Any instrument plugged solely to the "stereo" in is only routed to the "stereo" out
Plugging two different, mono instruments on each of the "in"s leaves them independent, each will have its own dedicated out even in "bypass" mode.

A stereo backing track stored in the "B" memory slot comes out translated in mono if only one out is being used.
Combinations are almost endless...

Quality and conception
- the footswitches are soft and look sturdy. They're very sensitive as contact is done after only 2mm, with no hardpoint, allowing for an esceptionnal precision, no need to stomp violently. Beware not to wear too large a shoe so as not to risk switchinh both unwillingly.
- as usual with non-slanted pedals, activating the footswitches requires to lift the whole leg, which (for a guitar player) can soon become exhausting. A little DIY can help here to make things more comfortable and also to make the LEDs more visible and the knob easier to reach. The wedge I use can be seen here , and another (more elaborate) version for an Xotics RC Booster here : .

- the handswitches are small and compact. The left one (3-position, spring-return) is a bit hard. They are fixed straight to the electronic circuit, not on the external case - a benign exception to the general high building quality of the whole.
- the level knob is great: huge in size, shaped for fingers, the white mark on it can be seen from 6ft above. Too bad there is no mark on the box itself, though - no, I'm just splitting hair.
- connectors aregathered on the upper side of the box, which is a great choice which avoids cables to take too much space on both sides - a problem too often encountered.
- the box is made of sturdy molded aluminium, the paint reminds of that of a luxury car. The good taste of the discrete, metallic, dark grey box color is not to be discussed - we don't care btw, only sound colors are relevant.


Review conditions

Test 1 in mono: Solid body -- effects -- tube amp -- Ditto in FX loop

It seems quite logical to use the Ditto in the amp's effect loop, at the very end of it, so that the initially recorded loop's sound remain unmodified by any other factor (effects, hi or lo gain amp in, amp settings...) that will still be useful to shape the overdubs. In case you don't have an FX loop, the best is to use the Ditto last in the chain, just before the amp's input.

Test 2 in mono : Hollow body -- Ditto -- Acoustic guitar amp

Test 3 in stéréo : Solid body -- stereo effects -- Ditto -- mixer -- studio amp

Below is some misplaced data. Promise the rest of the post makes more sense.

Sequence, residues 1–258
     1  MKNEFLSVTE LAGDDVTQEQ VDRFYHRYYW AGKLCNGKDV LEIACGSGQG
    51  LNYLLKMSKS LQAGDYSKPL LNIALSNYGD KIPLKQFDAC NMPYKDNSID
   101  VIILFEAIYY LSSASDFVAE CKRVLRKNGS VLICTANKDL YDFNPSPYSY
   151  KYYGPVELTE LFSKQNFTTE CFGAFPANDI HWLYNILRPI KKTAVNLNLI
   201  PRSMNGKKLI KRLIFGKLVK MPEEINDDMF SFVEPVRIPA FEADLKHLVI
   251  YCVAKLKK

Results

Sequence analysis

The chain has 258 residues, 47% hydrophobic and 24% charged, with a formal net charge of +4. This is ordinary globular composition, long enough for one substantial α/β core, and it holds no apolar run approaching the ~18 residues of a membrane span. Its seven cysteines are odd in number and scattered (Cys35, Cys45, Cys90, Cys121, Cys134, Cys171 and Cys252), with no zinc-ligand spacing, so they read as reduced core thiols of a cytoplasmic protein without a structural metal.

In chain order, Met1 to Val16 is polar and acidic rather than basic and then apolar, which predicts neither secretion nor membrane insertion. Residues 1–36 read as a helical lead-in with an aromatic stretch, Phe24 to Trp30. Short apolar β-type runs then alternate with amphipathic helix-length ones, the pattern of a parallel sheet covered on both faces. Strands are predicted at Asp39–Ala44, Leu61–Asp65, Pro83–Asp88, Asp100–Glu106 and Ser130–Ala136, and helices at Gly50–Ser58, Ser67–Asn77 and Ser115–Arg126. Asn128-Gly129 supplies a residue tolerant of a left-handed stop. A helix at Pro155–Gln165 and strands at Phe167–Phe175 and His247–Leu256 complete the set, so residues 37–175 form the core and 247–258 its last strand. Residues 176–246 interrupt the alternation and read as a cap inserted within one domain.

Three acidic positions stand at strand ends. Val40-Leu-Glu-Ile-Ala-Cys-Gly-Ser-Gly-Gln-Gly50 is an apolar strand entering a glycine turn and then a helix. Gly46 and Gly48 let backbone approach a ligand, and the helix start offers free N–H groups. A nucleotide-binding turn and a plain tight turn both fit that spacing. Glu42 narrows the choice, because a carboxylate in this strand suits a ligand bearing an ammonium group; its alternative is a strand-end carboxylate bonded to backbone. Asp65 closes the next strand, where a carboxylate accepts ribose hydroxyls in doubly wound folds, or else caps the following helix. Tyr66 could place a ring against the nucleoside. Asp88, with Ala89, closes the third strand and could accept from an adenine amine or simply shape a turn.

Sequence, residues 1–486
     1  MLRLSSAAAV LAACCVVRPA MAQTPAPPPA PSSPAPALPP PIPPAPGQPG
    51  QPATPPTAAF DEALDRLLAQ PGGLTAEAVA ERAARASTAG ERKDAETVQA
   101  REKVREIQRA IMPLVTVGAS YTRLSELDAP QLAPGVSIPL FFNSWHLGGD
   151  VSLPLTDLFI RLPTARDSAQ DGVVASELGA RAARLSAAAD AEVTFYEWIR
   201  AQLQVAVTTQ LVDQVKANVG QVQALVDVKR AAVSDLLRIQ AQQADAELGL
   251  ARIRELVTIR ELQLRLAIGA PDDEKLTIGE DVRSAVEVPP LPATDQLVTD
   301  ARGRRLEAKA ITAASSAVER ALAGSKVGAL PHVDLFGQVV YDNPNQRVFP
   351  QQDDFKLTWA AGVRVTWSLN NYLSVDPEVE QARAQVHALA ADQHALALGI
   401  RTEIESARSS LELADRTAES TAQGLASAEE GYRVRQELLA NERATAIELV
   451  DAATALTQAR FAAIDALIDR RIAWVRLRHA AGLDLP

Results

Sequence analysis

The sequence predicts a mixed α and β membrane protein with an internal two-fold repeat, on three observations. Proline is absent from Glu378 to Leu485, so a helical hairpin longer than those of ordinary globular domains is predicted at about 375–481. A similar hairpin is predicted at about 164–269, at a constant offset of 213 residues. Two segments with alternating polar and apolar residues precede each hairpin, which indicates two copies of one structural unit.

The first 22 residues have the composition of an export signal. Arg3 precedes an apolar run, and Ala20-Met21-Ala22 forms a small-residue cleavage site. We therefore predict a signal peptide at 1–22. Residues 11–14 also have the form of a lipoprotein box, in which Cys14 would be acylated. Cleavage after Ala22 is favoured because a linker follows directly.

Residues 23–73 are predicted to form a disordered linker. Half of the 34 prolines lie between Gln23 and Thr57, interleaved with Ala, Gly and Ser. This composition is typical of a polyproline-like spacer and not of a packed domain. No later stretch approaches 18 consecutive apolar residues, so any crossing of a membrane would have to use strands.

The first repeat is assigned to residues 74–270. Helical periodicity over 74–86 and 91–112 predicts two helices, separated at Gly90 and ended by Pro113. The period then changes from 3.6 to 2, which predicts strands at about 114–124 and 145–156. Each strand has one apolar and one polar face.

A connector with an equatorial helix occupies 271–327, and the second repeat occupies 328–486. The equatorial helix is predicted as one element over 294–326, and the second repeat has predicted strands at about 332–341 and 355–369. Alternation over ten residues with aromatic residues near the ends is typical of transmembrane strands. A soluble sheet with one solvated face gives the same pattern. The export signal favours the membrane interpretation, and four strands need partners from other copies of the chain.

Ditto respects the stereo loop, which is a good point.

The result

Both the true bypassed signal and recorded part sound transparent, no color or spectrum, no gain in highs or lows.
No difference can be heard on a studio stereo amp (the loop is also recorded on the second channel, which couls have been thought of as a mere bypass).
No much more to say here, the signal is perfectly respected.
I even unwillingly tried the true bypass in reverse order after inverting the in and out jacks by mistake, it works just the same in both directions!

A real pleasure to be able to add counterpoint high and low funky riffs on a series of bossa nova rhythm changes, for instance. Of course the mix shouldn't be overloaded, but this device can be used to record a whole musical piece.


What makes His Excellenct Ditto II better than the first is the ability to stop a loop by pushing the second switch only once, and the possibility to erase it by a long press on the very same switch, hence suppressing the short, audible transition (a real liability in live situation).

The possibility to use batteries instead of an adapter is also a good thing for those reluctant to adapters, but I haven't tested how long batteries last.

The "Backing track" and the possibility to import external files can be useful depending on the user's need, but it can't compete with pro backing tracks played on a CD or MP3 player or a guitar trainer such a s Tascam's GTR1 (which includes an efficient loop feature), which allow instant play of any music track of your choice.
Indeed, the way to transfer files through a computer is not very quick, and Ditto can only keep one track at a time. For mere backing track, one had better export their best Ditto-recorded tracks to their computer so as to be able to play them back later through a more versatile and convenient device.

The half speed feature can be used to provide violin-like or fast sounds, but prove less useful than a customizable speed rate which would allow analyzing a fast part.

The reverse feature is not something I use much, except for goofing with friends once in a while. A basic reverb or metronome would have been more useful to me, but that is not so important and it's just a question of taste.

The secondary features can be of interest for some, but as far as I'm concerned I essentially bought the Ditto for a basic use as a looper with a mono guitar signal. I use it in rock and jazz styles to work alone as well as in a band for some phases and analyzing some parts which are hard to set efficiently in rehearsal.

In a nutshell, I consider this device to have been cleverly conceived with high quality materials for a high-quality sound in the end. What more could we ask for?